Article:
February 22, 2006

Property buzz may yet have nasty sting in tail

Posted in Celtic Tiger · 22 comments ·
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Property booms do not so much create wealth as redistribute it. In the past few years, the great Irish housing frenzy has done more to reallocate wealth in this country than any government initiative on tax and social welfare since the foundation of the State.

The transfer has been monumental. Arguably, we have to go back to Lenin’s persecution of the Kulaks to see one section of the population forced into giving so much of its wealth to another.

The major difference in Ireland is that the redistribution of wealth via property has made the old richer and, more depressingly, the young poorer.
It has created a drone class of the over-45s – Ireland’s accidental millionaires – who have seen their wealth increase enormously as their houses have soared in value. These drones are financed and indulged by a worker-bee class of the under-35s who are first-time buyers and renters.

For every four first-time buyers who are fretting in the traffic, working long hours, pinned to their collars by mortgage payments and creche fees and being bullied to part with money they don’t have by the threat of “mandatory” pensions, there is a healthy 50-something couple drinking vino verde on the Algarve, sun at their back and not a care in the world.

In financial terms, Ireland is now sitting on a demographic faultline. Bubbling away underneath the tectonic surface is the overheated property market, stoked up by cheap credit, irrational expectations and the corrosive psychology of the property-ladder tyranny.

As the property mania reaches fever pitch, this rumbling instability – like its geological equivalent – naturally leads to political, financial and social tremors.

Like the citizens of San Francisco, we know our economic San Andreas fault-line is vulnerable, but all of us ignore the possibility that the next one could be the “Big One”.

At the moment, there is an uneasy truce between the competing demographic of haves and have-nots but the problem for society is that, while an unforgiving meritocracy governs the lives of the worker-bee generation, the drones live in a pampered world based on equity releases and rental income.

This is not sustainable. Take, for example, a not-untypical middle-of-the-road office worker of the 1970s and 1980s. Although he now plays golf off seven, like the Monty Python sketch of old he reminds his office juniors how hard times were in the 1970s, how people had little money and few expectations.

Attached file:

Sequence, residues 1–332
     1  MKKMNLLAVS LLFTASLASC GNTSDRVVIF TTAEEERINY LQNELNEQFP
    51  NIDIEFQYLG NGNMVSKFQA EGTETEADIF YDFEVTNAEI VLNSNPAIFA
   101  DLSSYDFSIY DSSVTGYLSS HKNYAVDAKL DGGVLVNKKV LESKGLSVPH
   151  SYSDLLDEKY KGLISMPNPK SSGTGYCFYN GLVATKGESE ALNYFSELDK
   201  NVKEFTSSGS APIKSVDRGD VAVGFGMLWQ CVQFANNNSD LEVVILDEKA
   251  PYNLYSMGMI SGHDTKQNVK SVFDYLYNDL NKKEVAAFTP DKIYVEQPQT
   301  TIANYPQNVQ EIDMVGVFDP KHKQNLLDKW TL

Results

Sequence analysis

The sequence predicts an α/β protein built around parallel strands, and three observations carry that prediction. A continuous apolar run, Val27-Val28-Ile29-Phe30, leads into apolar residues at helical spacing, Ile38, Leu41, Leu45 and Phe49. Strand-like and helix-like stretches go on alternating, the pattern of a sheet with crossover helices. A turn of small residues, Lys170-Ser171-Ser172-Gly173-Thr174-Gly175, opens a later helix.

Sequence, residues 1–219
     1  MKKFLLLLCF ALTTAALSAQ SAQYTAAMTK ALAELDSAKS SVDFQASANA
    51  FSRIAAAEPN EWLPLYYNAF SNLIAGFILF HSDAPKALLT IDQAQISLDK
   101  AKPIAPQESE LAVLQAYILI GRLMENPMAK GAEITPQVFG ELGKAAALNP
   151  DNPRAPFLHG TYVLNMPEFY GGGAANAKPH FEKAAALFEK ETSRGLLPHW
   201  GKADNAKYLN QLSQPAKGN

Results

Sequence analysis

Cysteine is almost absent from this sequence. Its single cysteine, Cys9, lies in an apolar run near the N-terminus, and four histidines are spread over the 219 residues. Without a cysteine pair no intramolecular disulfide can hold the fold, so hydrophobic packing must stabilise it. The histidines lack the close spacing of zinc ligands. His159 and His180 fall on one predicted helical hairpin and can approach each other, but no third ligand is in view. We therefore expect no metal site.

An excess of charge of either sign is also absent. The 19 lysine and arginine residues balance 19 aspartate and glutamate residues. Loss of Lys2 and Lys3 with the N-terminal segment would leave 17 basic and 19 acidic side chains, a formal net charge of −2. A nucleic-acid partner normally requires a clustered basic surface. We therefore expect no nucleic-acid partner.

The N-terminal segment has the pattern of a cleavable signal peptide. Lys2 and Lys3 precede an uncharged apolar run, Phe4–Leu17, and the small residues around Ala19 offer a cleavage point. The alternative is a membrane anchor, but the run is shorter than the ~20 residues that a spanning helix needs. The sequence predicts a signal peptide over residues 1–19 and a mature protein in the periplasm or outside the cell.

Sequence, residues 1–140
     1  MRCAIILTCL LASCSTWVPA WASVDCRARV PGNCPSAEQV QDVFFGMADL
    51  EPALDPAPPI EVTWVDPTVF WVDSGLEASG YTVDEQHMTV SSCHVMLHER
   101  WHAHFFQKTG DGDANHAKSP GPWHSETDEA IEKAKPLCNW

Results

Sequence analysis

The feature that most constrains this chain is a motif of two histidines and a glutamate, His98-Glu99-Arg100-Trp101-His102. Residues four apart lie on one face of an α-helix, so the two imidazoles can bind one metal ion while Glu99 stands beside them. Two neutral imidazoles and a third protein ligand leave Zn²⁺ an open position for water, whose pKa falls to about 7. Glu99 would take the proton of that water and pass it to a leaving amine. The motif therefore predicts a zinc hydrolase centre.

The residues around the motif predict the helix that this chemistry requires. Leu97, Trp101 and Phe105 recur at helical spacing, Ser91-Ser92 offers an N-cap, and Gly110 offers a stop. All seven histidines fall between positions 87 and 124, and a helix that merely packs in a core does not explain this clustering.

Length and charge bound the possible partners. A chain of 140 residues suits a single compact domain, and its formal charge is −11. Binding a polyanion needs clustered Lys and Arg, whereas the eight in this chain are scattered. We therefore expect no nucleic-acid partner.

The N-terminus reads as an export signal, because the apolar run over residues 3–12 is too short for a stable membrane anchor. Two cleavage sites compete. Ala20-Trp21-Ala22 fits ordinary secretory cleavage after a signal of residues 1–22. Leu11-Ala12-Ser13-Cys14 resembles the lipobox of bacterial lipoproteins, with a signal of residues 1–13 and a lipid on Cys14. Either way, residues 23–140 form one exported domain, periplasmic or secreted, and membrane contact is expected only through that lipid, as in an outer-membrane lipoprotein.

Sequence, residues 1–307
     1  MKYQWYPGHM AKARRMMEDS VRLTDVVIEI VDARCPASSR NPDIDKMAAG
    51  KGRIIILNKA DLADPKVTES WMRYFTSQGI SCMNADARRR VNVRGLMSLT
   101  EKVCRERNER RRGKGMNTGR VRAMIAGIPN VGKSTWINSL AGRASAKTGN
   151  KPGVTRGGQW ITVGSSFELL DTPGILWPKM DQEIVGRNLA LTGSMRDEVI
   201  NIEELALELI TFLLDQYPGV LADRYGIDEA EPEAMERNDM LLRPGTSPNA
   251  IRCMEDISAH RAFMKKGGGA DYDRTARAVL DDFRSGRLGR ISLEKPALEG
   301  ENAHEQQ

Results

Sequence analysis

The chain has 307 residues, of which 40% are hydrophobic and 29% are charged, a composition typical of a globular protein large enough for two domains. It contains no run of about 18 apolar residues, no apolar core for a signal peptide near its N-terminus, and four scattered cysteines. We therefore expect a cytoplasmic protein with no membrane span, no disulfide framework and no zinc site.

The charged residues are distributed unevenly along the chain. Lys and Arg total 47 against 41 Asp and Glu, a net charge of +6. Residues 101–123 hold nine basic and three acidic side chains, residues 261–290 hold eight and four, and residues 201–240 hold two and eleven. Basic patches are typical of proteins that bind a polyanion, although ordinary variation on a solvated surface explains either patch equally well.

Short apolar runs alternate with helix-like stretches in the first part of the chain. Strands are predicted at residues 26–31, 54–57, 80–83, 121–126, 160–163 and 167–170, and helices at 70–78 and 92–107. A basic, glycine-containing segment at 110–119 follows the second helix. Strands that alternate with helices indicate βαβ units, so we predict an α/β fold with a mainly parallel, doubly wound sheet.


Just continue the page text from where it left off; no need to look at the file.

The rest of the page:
He probably bought his house in 1975 for �10,000; it is now worth �1.3m . He has no debts, a well-financed pension, annual clean bills of health, a subsidised VHI Plan A scheme and an early retirement scheme that is just about to kick in.

With his enormous pile of equity, he took advice from an accountant mate and bought a couple of places off plans in the late 1990s. The (only recently declared) rental income nets him �3,000 a month, which more than covers his mortgage on the golf resort town house in Quinta da something. He is one of Ireland’s accidental millionaires and he is not alone.

According to the census in 1990, there were just over one million private households in the country. For these people, as prices have risen, the most telling indicator of wealth is not brains, hard work or entrepreneurial ability but the year they were born. Those 1990s households born in the late 1940s, 1950s and early 1960s are on the right side of the demographic faultline and are likely to be sitting on enormous property wealth.

Those worker bees, born in the late 1970s and 1980s – the productive core of the economy – are now the ones paying exorbitant house prices via 35-year 100pc mortgages or they are renting. A major determinant of whether you are a drone or a worker-bee is the date you were born.

So the main redistributive mechanism in our economy works like a demographic lottery which is heavily weighted against the young. It is, of course, natural that the 50s generation will be the ones in power, but because of our population structure, they are much less representative of the general population than they would be, for instance, in Britain, where they constitute 27pc of the population, or in France and Germany, where they’re over 30pc.